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Emily Rhodes came to rural Florida for the cowboys, the cattle, and to do a little country two-step, not to fall head first onto a dead body in a dumpster.
Ah, the golden years of retirement in the sunshine state. They’re more like pot metal to Emily, who discovers the body of the county’s wealthiest rancher in the Big Lake Country Club dumpster. With her close friend accused of the murder, Emily sets aside her grief at her life partner’s death to find the real killer. She underestimates the obstacles rural Florida can set up for a winter visitor and runs afoul of a local judge with his own version of justice, hires a lawyer who works out of a retirement home, and flees wild fires hand-in-hand with the man she believes to be the killer.
Toby, welcome to Island Confidential! Can you tell our readers a little bit about yourself?
Toby Sands: My name is Toby Sands, and I’m a detective with the local police department, but I’m treated like dog doo doo by my fellow officers. Only my captain is any kind of friend, and that’s because we go way back to the police academy where we first met. I did well there–
I’m sorry, it says here you barely passed? Um, never mind. Go ahead.
TS: Yea, anyway, when I graduated, I took a job in Miami where I ran into a bit of trouble. It was all a big misunderstanding on the part of my partner who told my boss I was pocketing money from local merchants. My partner, a woman wouldn’t ya know, said I was claiming to give businesses special protection in high crime areas if they slipped me some cash under the table.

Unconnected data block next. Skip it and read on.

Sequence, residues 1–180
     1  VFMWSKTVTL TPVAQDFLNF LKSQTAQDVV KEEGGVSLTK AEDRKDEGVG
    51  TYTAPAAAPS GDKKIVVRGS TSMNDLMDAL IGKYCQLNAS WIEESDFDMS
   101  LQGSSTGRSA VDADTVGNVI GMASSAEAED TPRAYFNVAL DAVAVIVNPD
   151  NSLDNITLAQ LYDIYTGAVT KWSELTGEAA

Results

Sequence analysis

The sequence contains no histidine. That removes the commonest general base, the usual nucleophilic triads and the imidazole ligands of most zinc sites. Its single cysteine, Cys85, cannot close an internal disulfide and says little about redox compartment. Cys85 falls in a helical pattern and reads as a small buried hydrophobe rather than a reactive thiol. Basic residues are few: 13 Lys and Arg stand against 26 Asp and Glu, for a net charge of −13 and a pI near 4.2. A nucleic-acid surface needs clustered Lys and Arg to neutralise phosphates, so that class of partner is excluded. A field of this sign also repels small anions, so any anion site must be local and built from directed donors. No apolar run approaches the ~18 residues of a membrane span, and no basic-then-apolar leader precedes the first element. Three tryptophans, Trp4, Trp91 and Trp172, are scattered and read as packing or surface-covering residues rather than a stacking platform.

The real story is that a lot of businesses were grateful to me when I warned off gang members and other bad dudes and showed their appreciation by giving me a “tip”, especially if I let them know I could close them down for some legal infractions on their part. I mean, pay at that time was lousy. Everyone knew it, so these friendly folks wanted to show their appreciation for my going out of my way for them. My durn partner also claimed I showed excessive violence when I “talked” to guys we encountered on the street. She said they was just standing there. I said I could tell they was thinking of doing some illegal. That’s why women shouldn’t be cops. They are so bad at reading criminal minds. Anyway, I was encouraged to move on. In return, my record in Miami remains spotless, as well it should cuz I was innocent. Durn femiNazi partner! Luckily, my old classmate from the academy understood how it was, and he hired me.
Someone told us you were hired by your old classmate because the city was desperate to fill a vacancy and you were available. The same source claimed that you got down on your knees and begged, then rolled around on the floor blubbering and crying until you were finally taken on with a warning to behave. Is there any truth to that?
TS: Who told you that?
It’s not important. Let’s move on to something more positive. Who’s the character you get along with the best?
TS: Well, like I said, my captain gave me a break when I needed it, but he’s coming around to share others’ views of me. It’s totally unfair, and it’s only because everyone is jealous of how quickly I get things done.
I see here that your collars occur in record time.
TS: Darn straight.
How many of those have resulted in convictions? Uh, never mind. You were talking about your colleagues?